Thursday, March 24, 2005
A couple of days ago Zemblan patriot D.R.B. sent us a link about the EPA's new mercury emissions policy, which is, unsurprisingly, another one of those DIY voluntary-compliance laissez-faire specials the Bush administration seems to favor:
[O]fficials emphasized that the controls could not be more aggressive because the cost to industry already far exceeded the public health payoff.Because we were lazy and distracted by paying work we neglected to post the story, but we hope to make up for it by bringing you Molly Ivins's splendid harangue directly below. As Ms. Ivins points out, the "public health payoff" of the new EPA policy will be borne primarily by the "600,000 babies of the approximately 4 million born a year [who] are potentially exposed to mercury emissions." But such is the nature of our burgeoning "culture of life" -- every fetus has the right to be born, and every industrial polluter has the right to poison it in the womb:
What they did not reveal is that a Harvard University study paid for by the EPA, co-authored by an EPA scientist and peer-reviewed by two other EPA scientists had reached the opposite conclusion.
That analysis estimated health benefits 100 times as great as the EPA did, but top agency officials ordered the finding stripped from public documents, said a staff member who helped develop the rule. Acknowledging the Harvard study would have forced the agency to consider more stringent controls, said environmentalists and the study's author.
[T]here is a picture, quite a famous one, that you should search out so you will know what is at stake. The picture, by the great photojournalist W. Eugene Smith, is known as "The Madonna of Minamata" and is of a Japanese woman in a hot bath with an expression of terrible sorrow and tenderness on her face as she holds the hopelessly deformed body of her daughter.UPDATE (3/25): From the Washington Post, via our distinguished colleague Avedon Carol:
Smith's classic book, "Minamata: Words and Photographs," is about the site of a horrific 1970s case of widespread mercury poisoning. No one who sees Smith's photos can ever forget them. There was a years-long struggle between the townspeople of Minamata and the corporation responsible for the mercury poisoning, which did not want to admit fault. During that struggle, corporate guards beat Smith so badly he lost his eyesight.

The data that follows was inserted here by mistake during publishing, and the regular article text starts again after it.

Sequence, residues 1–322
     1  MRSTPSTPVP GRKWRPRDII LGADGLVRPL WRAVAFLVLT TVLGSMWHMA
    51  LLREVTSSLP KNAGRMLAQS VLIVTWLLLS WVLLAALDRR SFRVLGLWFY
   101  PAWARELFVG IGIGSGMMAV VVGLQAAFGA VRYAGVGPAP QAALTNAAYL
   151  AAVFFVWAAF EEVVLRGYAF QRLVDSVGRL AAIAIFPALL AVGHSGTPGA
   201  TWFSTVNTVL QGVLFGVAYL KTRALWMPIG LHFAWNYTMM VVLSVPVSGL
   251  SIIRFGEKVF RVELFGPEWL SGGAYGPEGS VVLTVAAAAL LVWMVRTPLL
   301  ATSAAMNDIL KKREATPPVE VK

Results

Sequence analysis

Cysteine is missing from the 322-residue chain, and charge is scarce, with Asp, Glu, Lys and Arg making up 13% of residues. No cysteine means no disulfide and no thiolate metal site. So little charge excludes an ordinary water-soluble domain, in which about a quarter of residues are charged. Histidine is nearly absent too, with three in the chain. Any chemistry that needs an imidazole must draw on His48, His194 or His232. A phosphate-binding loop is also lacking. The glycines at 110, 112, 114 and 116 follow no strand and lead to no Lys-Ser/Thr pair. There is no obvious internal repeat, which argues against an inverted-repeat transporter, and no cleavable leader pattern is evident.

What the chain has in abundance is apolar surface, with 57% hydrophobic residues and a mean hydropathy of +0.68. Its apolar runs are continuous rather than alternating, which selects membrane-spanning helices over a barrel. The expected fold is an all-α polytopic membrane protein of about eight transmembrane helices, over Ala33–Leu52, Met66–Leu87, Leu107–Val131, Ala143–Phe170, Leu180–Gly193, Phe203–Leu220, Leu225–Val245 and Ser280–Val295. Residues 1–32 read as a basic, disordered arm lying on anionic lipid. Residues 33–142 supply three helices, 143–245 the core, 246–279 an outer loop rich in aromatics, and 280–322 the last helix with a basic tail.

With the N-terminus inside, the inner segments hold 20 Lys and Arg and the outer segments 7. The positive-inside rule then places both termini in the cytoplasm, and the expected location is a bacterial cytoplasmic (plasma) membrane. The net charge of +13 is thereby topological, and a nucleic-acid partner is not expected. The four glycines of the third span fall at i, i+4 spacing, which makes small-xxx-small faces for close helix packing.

So, that's what this is about. Not that anyone has blinded a great photojournalist lately, but mercury in the environment is mercury in the environment, and mercury hotspots are mind-bogglingly dangerous. Mercury is a neurotoxin that is particularly dangerous to developing fetuses and infants. Even in minute quantities, it produces brain damage ranging from retardation to loss of IQ to attention deficit disorder.
As you may know, one in six American women of child-bearing age already has enough mercury in her blood to put a developing fetus at risk. That's why pregnant women are urged not to eat many ocean and freshwater fish. Mercury also causes heart attacks among adults.
If the Clean Air Act, already in place, were simply implemented as it is supposed to be by the Environmental Protection Agency, we would be rid of over 90 percent of mercury emissions in this country by 2008. But, of course, that would cost the power industry a lot of money, and the power industry gives lots of money to politicians. So the EPA came up with a "cap and trade" system, under which power plants can avoid meaningful regulation until after 2025 . . . .
The worse news is that "cap and trade" allows individual power plants to trade emissions credits, so while some states will have less mercury emission, other states will have enormous increases. God help you if you live near one of these future hotspots. NRDC estimates an 841 percent increase for California, 176 percent in Colorado, 241 percent in New Hampshire and 56 percent in New Jersey . . . .
I often think I have exhausted my capacity for outrage with this administration. Sheesh, why let what it does ruin a beautiful spring day in Texas? But I know kids with ADD and low IQs and brain damage, and I've seen the pictures from Minamata. If you can't reach outrage over this one, you may be eating too much mercury-tainted fish.
Three Senate Democrats and Sen. James M. Jeffords (I-Vt.) called on the Environmental Protection Agency yesterday to stay regulations issued last week to control mercury emissions from power plants.
The request follows concerns that the agency excluded a Harvard University analysis that found significantly greater health benefits from mercury controls than were estimated by the EPA.
"The Administration sought above all to maintain its story line and to adhere to industry assertions that stronger controls could not be implemented because of cost concerns and questionable health benefits," wrote Jeffords, Patrick J. Leahy (D-Vt.), Barbara Boxer (D-Calif.) and John F. Kerry (D-Mass.).